Tuesday, August 25, 2009


In the mid-1980s to early-1990s, a crop of new high-performance RISC (reduced instruction set computer) microprocessors appeared, influenced by discrete RISC-like CPU designs such as the IBM 801 and others. RISC microprocessors were initially used in special purpose machines and Unix workstations, but then gained wide acceptance in other roles.
The first commercial microprocessor design was released either by MIPS Technologies, the 32-bit R2000 (the R1000 was not released) or by Acorn computers, the 32-BIT ARM 2 in 1986[citation needed] . The R3000 made the design truly practical, and the R4000 introduced the world's first 64-bit design. Competing projects would result in the IBM POWER and Sun SPARC systems, respectively. Soon every major vendor was releasing a RISC design, including the AT&T CRISP, AMD 29000, Intel i860 and Intel i960, Motorola 88000, DEC Alpha and the HP-PA.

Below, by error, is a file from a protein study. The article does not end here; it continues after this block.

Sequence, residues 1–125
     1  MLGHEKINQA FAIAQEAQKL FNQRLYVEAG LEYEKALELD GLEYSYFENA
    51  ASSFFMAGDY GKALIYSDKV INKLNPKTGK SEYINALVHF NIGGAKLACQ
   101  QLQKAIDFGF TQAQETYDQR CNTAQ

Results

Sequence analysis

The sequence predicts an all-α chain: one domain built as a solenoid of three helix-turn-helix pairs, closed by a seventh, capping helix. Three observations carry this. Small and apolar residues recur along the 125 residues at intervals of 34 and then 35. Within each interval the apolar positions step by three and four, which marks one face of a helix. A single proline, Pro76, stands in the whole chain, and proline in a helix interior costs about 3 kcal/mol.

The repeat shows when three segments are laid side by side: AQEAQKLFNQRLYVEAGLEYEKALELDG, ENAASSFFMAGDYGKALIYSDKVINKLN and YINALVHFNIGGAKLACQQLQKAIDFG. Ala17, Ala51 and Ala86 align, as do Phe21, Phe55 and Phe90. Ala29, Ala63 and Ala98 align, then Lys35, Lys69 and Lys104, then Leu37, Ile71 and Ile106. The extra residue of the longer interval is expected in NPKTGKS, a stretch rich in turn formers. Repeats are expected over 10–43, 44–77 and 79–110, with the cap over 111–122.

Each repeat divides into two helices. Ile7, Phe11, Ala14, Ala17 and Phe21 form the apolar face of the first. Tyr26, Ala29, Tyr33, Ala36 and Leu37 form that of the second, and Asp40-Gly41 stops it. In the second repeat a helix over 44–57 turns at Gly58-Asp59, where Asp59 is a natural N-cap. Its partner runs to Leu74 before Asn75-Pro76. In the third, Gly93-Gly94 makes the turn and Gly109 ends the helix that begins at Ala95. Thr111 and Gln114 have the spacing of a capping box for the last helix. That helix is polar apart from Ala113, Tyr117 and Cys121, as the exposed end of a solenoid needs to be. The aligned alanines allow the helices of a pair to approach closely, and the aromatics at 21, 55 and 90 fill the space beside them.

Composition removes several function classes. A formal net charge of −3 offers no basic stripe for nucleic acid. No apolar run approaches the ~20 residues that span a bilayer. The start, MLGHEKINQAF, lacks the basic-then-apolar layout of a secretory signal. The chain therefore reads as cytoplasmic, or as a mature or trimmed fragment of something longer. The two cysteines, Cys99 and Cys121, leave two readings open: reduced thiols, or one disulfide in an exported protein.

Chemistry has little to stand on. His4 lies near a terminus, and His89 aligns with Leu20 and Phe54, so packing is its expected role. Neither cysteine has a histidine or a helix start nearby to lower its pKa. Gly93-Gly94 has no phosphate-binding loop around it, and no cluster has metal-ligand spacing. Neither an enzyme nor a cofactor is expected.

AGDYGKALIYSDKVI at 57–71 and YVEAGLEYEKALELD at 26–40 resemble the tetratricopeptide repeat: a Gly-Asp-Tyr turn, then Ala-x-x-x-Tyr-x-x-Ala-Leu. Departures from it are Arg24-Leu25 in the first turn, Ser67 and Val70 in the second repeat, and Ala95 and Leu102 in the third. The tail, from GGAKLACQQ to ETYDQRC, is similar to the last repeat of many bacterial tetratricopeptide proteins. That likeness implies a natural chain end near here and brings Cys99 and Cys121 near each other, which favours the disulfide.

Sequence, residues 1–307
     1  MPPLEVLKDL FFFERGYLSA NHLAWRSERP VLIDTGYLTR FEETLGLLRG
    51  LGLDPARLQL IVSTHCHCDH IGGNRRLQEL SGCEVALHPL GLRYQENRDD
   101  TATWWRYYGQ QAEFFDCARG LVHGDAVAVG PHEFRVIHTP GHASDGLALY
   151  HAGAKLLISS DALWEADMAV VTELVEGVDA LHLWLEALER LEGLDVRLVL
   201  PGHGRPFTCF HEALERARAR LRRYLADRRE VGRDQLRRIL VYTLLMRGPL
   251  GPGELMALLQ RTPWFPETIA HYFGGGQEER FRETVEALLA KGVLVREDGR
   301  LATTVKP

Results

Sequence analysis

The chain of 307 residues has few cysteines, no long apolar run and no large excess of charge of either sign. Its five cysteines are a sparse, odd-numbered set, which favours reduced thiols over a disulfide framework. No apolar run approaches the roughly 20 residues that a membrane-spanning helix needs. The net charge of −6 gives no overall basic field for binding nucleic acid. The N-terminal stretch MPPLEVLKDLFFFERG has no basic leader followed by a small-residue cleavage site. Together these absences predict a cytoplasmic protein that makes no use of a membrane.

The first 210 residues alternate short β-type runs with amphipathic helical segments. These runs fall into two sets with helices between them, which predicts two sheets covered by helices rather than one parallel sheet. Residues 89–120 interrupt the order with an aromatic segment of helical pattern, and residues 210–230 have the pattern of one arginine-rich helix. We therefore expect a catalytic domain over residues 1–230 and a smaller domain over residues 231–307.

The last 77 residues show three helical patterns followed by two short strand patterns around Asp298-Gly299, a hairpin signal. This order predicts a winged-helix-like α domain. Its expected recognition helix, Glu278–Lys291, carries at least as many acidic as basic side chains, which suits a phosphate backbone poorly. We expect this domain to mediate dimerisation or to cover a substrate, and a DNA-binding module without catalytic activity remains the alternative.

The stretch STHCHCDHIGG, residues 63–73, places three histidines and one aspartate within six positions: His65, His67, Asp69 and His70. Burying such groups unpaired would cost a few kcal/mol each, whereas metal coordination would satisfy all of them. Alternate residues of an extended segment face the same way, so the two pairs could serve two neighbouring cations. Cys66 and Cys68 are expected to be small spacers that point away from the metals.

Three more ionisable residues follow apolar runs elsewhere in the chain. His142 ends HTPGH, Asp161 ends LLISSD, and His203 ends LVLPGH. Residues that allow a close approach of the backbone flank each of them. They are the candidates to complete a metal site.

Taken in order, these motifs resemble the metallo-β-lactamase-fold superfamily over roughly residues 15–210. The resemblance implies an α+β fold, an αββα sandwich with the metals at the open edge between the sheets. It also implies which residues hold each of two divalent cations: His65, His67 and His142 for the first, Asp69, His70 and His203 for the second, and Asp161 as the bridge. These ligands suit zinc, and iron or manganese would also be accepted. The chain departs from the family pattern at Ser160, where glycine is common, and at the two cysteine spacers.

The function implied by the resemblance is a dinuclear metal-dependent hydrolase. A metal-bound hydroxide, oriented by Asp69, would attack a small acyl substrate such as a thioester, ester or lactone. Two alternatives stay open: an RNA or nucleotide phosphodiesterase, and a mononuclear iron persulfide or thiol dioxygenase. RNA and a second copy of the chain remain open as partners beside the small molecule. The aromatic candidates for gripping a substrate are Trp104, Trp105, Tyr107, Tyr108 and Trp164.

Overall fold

As of 2007, two 64-bit RISC architectures are still produced in volume for non-embedded applications: SPARC and Power Architecture. The RISC-like Itanium is produced in smaller quantities. The vast majority of 64-bit microprocessors are now x86-64 CISC designs from AMD and Intel.

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